Straight Outta Chocolate's Rock N' Roll Cakes: Joy Division & Iggy Pop, In Chocolate

Want an homage of your favorite rock star? Try a cake depicting Iggy Pop, Dr. Dre or Debbie Harry--in chocolate. Baker, chocolatier and DJ (at Highland Park's Footsies) Kate Steffens specializes in rock n' roll cakes, with musicians depicted in tempered chocolate which she works into elaborate portraits. Your rock icon, in Valrhona.

Joy Division cake

Photo credit: Kate SteffensJoy Division cake

Debbie Harry cake

Photo credit: Kate SteffensDebbie Harry cake

Dr. Dre cake

Photo credit: Kate SteffensDr. Dre cake

Elliot Smith cake

Photo credit: Kate SteffensElliot Smith cake

Prince cake

Photo credit: Kate SteffensPrince cake

Johnny Rotten cake

Photo credit: Kate SteffensJohnny Rotten cake

Iggy Pop cake

Photo credit: Kate SteffensIggy Pop cake

Bob Marley cake

Photo credit: Kate SteffensBob Marley cake

Billie Holliday cake

Photo credit: Kate SteffensBillie Holliday cake

Steffens was born at home in an apartment on Hyperion with Bob Marley blasting. Even if she doesn't remember it, it was a defining moment. After attending the California Culinary Academy in San Francisco and doing stints at bakery shops, she wound up back in Echo Park, DJing, starting her website Straight Outta Chocolate, and baking cakes for friends and musicians.

Straight Outta Chocolate's Kate Steffens, DJing

photo credit: Chris StoneStraight Outta Chocolate's Kate Steffens, DJing

Steffens learned chocolate tempering and p√Ętisserie at culinary school, and has perfected a technique using cellophane to get the chocolate the way she wants it. Her first rock n' roll cake was of Bob Dylan, circa Don't Look Back, for a birthday party. "From there I started experimenting with chocolate types and food colorings--powdered dye is the only way to go--and different ways to manipulate the chocolate to create shadows and contours," says Steffens, who prefers working with Valhrona and Scharffen Berger, although she says that the type of chocolate isn't as important as the technique.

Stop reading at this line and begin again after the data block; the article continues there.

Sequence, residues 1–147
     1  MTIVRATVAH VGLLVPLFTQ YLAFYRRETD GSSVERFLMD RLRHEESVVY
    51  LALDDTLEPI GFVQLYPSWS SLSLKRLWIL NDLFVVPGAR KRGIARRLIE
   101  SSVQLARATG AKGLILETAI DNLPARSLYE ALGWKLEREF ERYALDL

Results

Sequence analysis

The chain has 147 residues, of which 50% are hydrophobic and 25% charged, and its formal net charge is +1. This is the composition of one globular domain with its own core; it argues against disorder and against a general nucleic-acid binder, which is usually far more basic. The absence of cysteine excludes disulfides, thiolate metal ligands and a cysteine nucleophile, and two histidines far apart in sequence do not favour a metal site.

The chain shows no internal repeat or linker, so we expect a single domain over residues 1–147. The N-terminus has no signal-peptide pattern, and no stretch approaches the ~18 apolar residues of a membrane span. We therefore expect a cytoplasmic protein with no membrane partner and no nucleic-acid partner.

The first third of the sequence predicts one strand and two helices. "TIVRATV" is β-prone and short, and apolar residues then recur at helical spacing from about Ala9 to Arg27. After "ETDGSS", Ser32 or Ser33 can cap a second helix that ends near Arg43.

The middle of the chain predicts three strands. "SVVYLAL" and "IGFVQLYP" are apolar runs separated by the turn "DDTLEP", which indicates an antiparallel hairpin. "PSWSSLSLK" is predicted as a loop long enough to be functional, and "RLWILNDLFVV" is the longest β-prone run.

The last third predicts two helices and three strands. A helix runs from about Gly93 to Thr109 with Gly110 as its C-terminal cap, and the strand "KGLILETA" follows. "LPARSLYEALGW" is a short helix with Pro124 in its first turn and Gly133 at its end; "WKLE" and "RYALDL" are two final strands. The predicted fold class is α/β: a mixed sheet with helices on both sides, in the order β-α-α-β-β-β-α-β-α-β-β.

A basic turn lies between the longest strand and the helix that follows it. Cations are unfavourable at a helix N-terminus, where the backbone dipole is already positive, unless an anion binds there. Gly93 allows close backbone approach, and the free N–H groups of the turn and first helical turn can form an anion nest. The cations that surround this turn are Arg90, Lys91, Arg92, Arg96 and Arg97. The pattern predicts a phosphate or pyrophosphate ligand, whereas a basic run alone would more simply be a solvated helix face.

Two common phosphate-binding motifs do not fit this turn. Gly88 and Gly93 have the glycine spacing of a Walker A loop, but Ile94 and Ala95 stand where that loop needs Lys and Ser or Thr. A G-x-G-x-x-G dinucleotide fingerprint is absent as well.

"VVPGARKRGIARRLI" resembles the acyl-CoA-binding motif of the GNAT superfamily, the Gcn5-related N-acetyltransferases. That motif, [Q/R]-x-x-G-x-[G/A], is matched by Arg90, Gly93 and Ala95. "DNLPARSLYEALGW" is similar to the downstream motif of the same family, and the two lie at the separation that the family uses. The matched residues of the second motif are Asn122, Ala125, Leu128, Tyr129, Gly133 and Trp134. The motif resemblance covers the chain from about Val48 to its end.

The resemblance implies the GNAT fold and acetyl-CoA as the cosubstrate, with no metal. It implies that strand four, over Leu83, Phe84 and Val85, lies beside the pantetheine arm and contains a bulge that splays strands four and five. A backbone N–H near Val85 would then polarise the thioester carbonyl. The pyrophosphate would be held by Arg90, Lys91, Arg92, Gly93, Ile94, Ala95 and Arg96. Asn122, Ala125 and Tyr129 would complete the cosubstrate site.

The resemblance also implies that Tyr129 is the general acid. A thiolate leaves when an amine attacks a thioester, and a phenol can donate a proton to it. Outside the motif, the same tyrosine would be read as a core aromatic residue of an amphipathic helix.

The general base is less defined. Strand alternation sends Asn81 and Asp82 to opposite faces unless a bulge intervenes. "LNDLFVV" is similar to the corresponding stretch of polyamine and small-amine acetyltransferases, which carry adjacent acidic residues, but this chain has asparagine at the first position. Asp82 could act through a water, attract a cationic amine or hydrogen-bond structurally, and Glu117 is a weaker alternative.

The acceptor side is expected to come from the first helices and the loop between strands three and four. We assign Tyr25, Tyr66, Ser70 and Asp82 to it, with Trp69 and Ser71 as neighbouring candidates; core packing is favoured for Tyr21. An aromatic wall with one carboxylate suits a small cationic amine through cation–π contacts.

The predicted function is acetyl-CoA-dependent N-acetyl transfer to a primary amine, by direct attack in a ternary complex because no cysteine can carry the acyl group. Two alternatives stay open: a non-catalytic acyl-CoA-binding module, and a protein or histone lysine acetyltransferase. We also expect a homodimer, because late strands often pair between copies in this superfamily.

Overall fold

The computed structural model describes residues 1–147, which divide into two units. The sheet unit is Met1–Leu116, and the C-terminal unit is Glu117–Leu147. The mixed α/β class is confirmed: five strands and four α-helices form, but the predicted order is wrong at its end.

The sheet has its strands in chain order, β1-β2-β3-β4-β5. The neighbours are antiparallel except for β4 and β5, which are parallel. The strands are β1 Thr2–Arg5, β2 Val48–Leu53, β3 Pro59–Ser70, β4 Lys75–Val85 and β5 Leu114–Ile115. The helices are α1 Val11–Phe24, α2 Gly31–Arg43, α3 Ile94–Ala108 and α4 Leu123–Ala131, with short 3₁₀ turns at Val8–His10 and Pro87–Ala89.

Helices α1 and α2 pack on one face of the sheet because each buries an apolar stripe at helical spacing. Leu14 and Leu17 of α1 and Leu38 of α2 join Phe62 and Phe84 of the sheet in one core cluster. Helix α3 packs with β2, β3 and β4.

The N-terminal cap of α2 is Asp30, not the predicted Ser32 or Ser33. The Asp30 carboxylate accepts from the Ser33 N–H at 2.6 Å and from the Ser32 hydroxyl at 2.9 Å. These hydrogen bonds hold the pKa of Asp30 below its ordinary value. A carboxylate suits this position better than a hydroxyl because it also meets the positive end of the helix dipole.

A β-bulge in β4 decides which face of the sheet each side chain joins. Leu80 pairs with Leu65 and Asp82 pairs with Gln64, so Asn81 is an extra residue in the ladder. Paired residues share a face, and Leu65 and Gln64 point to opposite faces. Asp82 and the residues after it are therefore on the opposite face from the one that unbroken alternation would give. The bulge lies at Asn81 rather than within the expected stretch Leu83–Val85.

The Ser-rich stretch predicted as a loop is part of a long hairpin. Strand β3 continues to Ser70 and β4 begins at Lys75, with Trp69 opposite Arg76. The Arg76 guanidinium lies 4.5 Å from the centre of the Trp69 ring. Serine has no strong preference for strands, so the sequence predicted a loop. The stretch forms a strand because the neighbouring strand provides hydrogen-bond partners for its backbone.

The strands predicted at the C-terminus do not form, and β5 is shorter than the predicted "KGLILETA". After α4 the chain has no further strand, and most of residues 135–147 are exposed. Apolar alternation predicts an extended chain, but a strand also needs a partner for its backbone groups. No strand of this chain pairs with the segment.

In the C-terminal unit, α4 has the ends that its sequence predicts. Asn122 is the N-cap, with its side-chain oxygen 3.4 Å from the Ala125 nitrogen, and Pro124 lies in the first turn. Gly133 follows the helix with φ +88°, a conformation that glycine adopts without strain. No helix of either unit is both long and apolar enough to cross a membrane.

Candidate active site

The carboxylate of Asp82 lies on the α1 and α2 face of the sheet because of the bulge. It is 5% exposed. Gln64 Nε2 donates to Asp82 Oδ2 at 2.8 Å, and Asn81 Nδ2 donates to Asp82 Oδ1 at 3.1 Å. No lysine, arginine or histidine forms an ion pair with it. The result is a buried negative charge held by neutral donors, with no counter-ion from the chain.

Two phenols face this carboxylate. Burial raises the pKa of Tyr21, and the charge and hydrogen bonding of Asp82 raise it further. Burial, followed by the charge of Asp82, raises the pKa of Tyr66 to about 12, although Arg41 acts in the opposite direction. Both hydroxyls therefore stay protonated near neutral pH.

"The benefit of chocolate is that I can avoid working with fondant and buttercream, which so many pastry chefs rely on for elaborate cake decoration. I don't know anyone who loves the taste of fondant, but I know plenty of chocolate lovers." Steffen--who is looking to partner with a "like-minded baker" to take over the baking part of the operation so that she can concentrate on chocolate art--has made cakes for industry people and musicians, but says that her dream clients are, sadly, no longer living. (Rock stars having a somewhat high mortality rate.) On her list of dream cakes: Hendrix, Rahsaan Roland Kirk, Damo Suzuki, Mississippi John Hurt, and Nina Simone. And yes, she listens to music while she works on the pieces, which can be an all-day process. "Sometimes it's the music of the person I'm depicting in chocolate; sometimes it's a mix of stuff, from old rocksteady to psychedelic funk."

The only problem Steffens sometimes encounters is that people have a difficult time eating their rock stars. "Iggy Pop and Elliot Smith went straight into the frig," says Steffens. Later "my friend called me distraught. 'I just ate Iggy!'" Perhaps a tribute that rock icon would have appreciated.